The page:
This was all part of the rise of objectivity in science during the middle of the nineteenth century, and led to microscopic examination of samples of various organs, and developing understanding of disease processes – a prerequisite for the development of effective treatment.

Henri Gervex (1852–1929), Study for Autopsy at the Hôtel-Dieu (1876), oil on canvas, 53.3 x 43.2 cm, The National Gallery of Art, Washington, DC. Wikimedia Commons.

In 1876, Henri Gervex painted an Autopsy at the Hôtel-Dieu. Although that exhibited work is currently inaccessible, above is a study which he made for it earlier that year. This was the main Paris morgue of the day, and the corpse being examined is so thin as to have died as a result of starvation – in Paris, in 1876.

This scene contrasts with earlier anatomy demonstrations. Autopsies have often taken place in the basements of hospitals, in dark and dingy surroundings. Gervex appears to have been one of the first artists to have used an autopsy for a stark social message, one which was common among Naturalists.

Enrique Simonet Lombardo (1866–1927), The Autopsy (Anatomy of the Heart; She had a Heart!) (1890), oil on canvas, 176.5 x 292 cm, Museo de Málaga, Málaga, Spain. Wikimedia Commons.

Almost twenty years later, in the Salon of 1895, Enrique Simonet Lombardo enjoyed great success with another painting of a similar theme: The Autopsy also known as Anatomy of the Heart; She had a Heart! (1890), in which the victim is a young woman who has drowned herself. Here is another social message: was she an Ophelia, or one of the many ‘fallen women’ who decided to end her life with one final fall?


For surgeons, one of the watersheds was the discovery of general anaesthesia during the 1840s. Prior to that, all they could attempt were brief life-saving procedures; with general anaesthetics all those centuries of studying anatomy suddenly enabled surgeons to perform lengthy procedures with patients who were relaxed and unconscious. I have looked more generally at paintings of hospital medicine and surgery here.

Thomas Eakins (1844–1916), The Agnew Clinic (1889), oil on canvas, 214.2 x 300.1 cm, Philadelphia Museum of Art, Philadelphia, PA. Wikimedia Commons.

Surgery was transformed from rushed mutilations to theatrical performance. Its empires grew, and their leaders wanted their portraits painted. In The Agnew Clinic (1889), Thomas Eakins shows a retiring professor of surgery, Dr. David Hayes Agnew, at work in the University of Pennsylvania School of Medicine. His patient is a woman, who is partially naked (to the consternation of many who saw this), and unconscious thanks to a volatile liquid general anaesthetic administered via a mask.

Bright surgical lighting puts six figures literally in the limelight: Agnew, holding a scalpel at the left but appearing detached from the operation; three assistants who are attending to the patient and her surgery, and the only woman present (other than the patient), nurse Mary Clymer, who is dressed not for the operating theatre but for ward work. These lead figures are paying attention to the patient rather than their teacher; although the teaching is professorial and theatrical, its goal is here the cure of the patient.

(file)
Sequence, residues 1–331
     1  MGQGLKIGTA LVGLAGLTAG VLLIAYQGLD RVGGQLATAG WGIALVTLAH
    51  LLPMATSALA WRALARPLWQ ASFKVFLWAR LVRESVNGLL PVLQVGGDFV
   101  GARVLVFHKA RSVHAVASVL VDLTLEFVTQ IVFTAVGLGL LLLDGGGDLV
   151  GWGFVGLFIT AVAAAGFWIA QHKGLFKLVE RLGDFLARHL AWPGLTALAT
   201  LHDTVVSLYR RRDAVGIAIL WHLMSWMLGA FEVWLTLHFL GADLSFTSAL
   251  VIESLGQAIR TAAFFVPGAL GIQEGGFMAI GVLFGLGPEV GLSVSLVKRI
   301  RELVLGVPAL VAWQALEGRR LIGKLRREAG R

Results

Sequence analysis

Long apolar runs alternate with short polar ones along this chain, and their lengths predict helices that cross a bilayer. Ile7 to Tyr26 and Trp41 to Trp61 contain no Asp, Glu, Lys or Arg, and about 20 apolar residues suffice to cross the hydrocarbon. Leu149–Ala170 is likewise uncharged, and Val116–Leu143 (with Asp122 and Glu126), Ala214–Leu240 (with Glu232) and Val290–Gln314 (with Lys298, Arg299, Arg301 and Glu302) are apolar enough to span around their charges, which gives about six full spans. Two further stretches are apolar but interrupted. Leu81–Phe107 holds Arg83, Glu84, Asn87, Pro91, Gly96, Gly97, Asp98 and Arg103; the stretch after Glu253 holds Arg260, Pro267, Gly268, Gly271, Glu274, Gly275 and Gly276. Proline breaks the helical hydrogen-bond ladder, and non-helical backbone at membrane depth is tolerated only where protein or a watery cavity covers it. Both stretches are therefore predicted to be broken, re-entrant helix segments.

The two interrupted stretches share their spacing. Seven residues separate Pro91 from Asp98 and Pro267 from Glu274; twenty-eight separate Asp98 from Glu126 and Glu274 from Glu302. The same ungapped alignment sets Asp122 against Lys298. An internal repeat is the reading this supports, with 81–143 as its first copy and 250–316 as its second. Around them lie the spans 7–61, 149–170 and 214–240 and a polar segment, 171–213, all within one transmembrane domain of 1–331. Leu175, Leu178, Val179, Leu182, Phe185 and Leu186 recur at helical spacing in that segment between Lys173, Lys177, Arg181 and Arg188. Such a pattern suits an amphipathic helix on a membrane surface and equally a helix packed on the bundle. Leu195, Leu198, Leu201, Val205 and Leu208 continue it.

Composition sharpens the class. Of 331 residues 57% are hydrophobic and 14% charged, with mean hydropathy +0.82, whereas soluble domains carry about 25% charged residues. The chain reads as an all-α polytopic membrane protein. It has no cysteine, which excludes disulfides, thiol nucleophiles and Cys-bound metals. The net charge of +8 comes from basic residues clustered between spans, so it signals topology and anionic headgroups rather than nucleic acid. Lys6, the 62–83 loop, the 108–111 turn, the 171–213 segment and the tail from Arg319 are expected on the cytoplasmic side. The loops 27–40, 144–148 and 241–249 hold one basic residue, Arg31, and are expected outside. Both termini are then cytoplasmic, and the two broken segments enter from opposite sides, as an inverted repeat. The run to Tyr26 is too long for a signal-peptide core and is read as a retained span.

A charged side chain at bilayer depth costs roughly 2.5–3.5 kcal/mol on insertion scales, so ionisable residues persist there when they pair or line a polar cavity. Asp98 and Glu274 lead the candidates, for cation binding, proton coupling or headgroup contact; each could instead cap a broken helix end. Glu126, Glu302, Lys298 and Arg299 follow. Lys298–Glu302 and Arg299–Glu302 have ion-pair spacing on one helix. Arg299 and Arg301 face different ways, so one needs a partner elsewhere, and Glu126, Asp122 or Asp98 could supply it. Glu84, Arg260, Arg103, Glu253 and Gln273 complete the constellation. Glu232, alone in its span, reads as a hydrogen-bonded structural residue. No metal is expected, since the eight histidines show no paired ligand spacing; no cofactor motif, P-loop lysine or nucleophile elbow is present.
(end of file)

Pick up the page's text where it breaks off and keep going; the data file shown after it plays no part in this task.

In the anatomy class, we have group portraits of successful surgeons in their workplace. In the autopsy, we have a hidden corner of the hospital, where the tragedy of death is used to comment about contemporary society. In the operating theatre, we finally have advancing medical science being applied to change people’s lives. But there are still a couple of paintings which don’t fit those moulds.

Gabriel von Max (1840–1915), Der Anatom (The Anatomist) (1869), oil on canvas, 136.5 × 189.5 cm, Neue Pinakothek, Munich, Germany. Wikimedia Commons.

Gabriel von Max’s Der Anatom, which can surely only be translated as The Anatomist, of 1869 doesn’t appear to be anatomising to me. A young woman – every bit as beautiful as Simonet’s drowning victim – lies naked under a diaphanous sheet. Peeling back that sheet is a significantly older well-dressed man, his eyes downcast, and his chin resting on his left hand.

The cavader rests on a mortuary slab in a darkened office, with a couple of human skulls and piles of papers on the desk in the background. There are no signs of dissection instruments or the trappings of a hospital mortuary, nor had any internal examination of the body commenced.

My impression is that this depicts the moments before the start of an autopsy, in which the pathologist is contemplating the tragic premature death of the woman. Anything else would only become deeply sinister.

Paul Cézanne (1839–1906), Preparation for the Funeral (Autopsy) (1869), oil on canvas, 49 × 80 cm, Private collection. Wikimedia Commons.

Early in his career, during his ‘dark period’ in 1869, Paul Cézanne painted Preparation for the Funeral or Autopsy (1869), possibly intended for the hospital in his home town of Aix. This seems to have been the culmination in a sequence of works including The Rape and The Murder.

A corpse is propped up in a semi-recumbent position, its arms by its sides. A man, dressed as a workman rather than a doctor, is working with both hands obscured at the far side of the cadaver, to the outside of its thigh. Standing to the right, with her back towards the viewer, is a woman wearing a bright red blouse.

I don’t believe for a moment that this was intended to represent faithfully a scene at an autopsy. Its most obvious reading is that the man is an undertaker who is preparing the corpse for a funeral. That is an unusual event to depict in art, and very different from the autopsies above.

Having had the privilege in the past of dissecting a cadaver to learn anatomy, of attending many autopsies, and of performing surgery, rest assured that their sigificance and reading is profoundly different, even though, to the unaided eye, they might appear superficially quite similar. Saying that a painting like Rembrandt’s Anatomy Lesson of Dr. Nicolaes Tulp is similar or related to a Naturalist painting of surgery is like saying a landscape with grazing horses is similar to a cavalry charge.